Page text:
He added: ‘It’s full of old fridge freezers with the doors taken off, air fryers, televisions, baby baths, old chairs, lots of wood, bed bases, chairs, glass – you name it, it’s in there.
‘I saw a shopping trolley from Asda in the road the other day then noticed the next day it was in the garden.
‘I have complained to the council before but nothing happened, I didn’t hear back. Then it just carried on getting worse.’
Broken bits of wood, household appliances and chairs are some of the items that have been chucked into the garden over the last decade. Mr Holden first made a complaint to Birmingham City Council years ago but he never got a response. The council has now said it has issued a warning to the tenant to clean the garden within the next 14 days.
Mr Holden said he does not want to cause any issues for the elderly man who owns the garden but wants the council to provide him with help to clean it up.
He added: ‘I’m at the end of my tether now and don’t know what to do. Enough is enough, people are getting fed up and I’m not putting up with it anymore.
‘I don’t want to cause any issues for the guy who lives there – he’s elderly and lives alone so he probably just needs some help. But something has to be done.’
The council flat garden is believed to be owned by the elderly man who lives above Mr Holden. Mr Holden said he does not ‘want to cause any issues to the guy who lives there’ but added that something had to be done.
Birmingham City Council said it has now contacted the tenant and issued a warning letter to clear the garden within the next 14 days.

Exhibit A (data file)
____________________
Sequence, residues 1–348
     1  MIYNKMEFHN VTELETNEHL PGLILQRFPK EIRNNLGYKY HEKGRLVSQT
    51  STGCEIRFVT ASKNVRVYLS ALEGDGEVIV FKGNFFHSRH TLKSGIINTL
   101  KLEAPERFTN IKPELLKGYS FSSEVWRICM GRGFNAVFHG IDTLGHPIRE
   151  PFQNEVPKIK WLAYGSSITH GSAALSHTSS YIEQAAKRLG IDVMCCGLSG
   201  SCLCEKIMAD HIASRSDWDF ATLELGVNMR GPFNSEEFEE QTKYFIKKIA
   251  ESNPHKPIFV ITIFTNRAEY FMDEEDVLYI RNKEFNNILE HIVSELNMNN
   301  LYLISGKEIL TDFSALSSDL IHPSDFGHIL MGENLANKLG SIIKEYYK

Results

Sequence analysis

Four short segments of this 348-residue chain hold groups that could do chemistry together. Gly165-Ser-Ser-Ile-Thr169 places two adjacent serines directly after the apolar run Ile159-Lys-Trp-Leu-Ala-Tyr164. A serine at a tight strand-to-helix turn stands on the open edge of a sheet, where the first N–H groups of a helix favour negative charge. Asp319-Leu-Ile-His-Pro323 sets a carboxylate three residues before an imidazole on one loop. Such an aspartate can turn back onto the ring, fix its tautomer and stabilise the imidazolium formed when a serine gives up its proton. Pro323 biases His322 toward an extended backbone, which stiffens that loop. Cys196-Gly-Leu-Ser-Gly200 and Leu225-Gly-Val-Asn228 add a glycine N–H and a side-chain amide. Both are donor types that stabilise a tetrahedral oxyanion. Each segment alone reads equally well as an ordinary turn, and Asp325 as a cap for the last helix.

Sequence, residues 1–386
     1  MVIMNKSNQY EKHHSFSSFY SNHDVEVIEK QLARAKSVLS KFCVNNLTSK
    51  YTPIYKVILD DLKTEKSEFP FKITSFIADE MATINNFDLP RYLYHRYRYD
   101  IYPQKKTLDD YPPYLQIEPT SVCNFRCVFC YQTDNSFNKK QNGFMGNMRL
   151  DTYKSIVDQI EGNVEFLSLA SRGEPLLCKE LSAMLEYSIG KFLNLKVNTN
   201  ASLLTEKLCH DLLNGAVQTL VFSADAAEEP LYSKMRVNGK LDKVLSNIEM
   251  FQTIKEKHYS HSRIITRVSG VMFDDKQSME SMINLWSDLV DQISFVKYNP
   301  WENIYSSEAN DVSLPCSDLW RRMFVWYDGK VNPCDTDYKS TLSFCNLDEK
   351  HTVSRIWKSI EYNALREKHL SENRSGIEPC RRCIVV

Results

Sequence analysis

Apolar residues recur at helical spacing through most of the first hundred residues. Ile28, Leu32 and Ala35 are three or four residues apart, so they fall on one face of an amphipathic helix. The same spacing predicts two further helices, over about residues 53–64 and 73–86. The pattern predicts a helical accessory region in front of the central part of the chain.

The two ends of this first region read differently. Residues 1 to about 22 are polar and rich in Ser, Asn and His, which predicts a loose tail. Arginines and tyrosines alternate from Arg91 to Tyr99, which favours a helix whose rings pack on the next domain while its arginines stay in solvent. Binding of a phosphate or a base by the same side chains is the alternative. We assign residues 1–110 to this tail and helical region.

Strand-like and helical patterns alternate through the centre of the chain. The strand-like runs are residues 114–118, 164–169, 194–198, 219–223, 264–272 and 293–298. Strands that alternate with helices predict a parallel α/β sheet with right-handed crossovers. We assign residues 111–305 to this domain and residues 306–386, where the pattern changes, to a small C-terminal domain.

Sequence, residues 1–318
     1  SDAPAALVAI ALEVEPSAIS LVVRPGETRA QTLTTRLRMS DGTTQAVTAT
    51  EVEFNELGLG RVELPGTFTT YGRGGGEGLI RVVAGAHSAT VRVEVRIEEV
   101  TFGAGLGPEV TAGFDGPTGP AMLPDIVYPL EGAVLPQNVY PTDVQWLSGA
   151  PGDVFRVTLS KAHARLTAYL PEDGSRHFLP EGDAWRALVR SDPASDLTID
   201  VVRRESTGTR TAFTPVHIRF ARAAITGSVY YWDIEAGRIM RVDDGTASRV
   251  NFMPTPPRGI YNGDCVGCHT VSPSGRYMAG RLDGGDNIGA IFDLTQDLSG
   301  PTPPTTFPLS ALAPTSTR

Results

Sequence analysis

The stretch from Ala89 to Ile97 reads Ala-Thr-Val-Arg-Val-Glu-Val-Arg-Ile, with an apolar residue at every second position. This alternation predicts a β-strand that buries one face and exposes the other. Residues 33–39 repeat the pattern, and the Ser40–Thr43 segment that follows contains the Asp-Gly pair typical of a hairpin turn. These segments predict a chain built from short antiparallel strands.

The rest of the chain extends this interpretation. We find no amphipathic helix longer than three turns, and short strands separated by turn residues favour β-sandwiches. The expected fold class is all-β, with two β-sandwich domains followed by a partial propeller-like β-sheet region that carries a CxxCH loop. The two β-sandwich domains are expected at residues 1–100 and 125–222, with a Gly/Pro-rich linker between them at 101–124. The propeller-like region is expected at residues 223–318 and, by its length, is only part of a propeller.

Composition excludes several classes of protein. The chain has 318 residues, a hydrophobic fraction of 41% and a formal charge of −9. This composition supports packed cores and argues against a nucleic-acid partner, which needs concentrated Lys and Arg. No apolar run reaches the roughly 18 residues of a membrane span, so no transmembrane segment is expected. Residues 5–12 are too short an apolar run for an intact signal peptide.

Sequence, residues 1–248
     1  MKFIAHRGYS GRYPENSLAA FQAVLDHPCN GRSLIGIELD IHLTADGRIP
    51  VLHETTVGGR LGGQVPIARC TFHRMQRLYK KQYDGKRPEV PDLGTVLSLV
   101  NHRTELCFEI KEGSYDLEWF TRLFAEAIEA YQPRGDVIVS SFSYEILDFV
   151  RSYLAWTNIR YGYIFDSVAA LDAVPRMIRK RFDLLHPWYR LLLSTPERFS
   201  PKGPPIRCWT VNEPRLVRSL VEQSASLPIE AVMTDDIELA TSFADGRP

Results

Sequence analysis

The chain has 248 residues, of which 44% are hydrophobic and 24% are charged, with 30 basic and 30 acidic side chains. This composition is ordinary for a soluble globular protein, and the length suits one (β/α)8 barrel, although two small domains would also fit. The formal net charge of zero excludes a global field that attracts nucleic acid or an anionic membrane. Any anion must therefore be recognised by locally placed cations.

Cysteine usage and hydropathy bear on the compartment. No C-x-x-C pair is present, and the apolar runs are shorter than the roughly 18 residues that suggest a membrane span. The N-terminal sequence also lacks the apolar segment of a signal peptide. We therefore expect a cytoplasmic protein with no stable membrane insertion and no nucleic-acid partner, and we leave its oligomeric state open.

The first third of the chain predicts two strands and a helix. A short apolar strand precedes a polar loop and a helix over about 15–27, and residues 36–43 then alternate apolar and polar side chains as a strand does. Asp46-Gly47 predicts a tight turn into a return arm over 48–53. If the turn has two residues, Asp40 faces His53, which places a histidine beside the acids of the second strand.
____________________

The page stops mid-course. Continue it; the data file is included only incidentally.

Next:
A spokesperson for the council said: ‘We have been in contact with the tenant about the items left in their front garden and the impact this is having on the local community.
‘They have been issued with a warning letter to clear the garden in the next 14 days. We are working with the tenant to resolve this.’
Over 150 potential tenants queued to view a single rental property in Dublin last night as Ireland grapples with a housing crisis.
A long queue formed along St Brendans Road in Dublin on Tuesday night, with over 100 people queuing for a viewing at the three-bedroom house at 8.30pm.
Within 30 minutes, even as the sun set, a further 50 people joined the queue to view the property, which costs €1,850 a month, in the city.
Conor Finn, who posted footage of the long queues, tweeted that he had waited for an hour in the queue before leaving without viewing the property.
‘An hour later and I’ve left the queue after no real movement or chance of viewing the house tonight,’ Finn said on Tuesday night at 9.30pm. ‘People were still joining the end of the queue as I left.’
Ireland’s economy is booming as the republic offers low corporation tax rates to tech and pharmaceutical companies such as Google – and pandemic-enhanced revenues from those companies has meant the republic is enjoying a €8bn corporate tax windfall.
But employees from these companies have flooded into the country, meaning the demand for properties in Ireland have soared. They are also able to afford to pay higher prices for houses and renting a property, meaning costs have soared.
This, coupled with a shortage of properties, has meant Ireland is facing a housing crisis and one estate agents in Dublin have even had to introduce a lottery system for viewings after they received 1,200 applications for one home.
Over 150 potential tenants queued to view a single rental property in Dublin last night as Ireland grapples with a housing crisis
An hour later and I’ve left the queue after no real movement or chance of viewing the house tonight. People were still joining the end of queue as I left pic.twitter.com/EBRozByoXk
A long queue formed along a street in Dublin on Tuesday night, with over 100 people queuing for a house viewing at around 8.30pm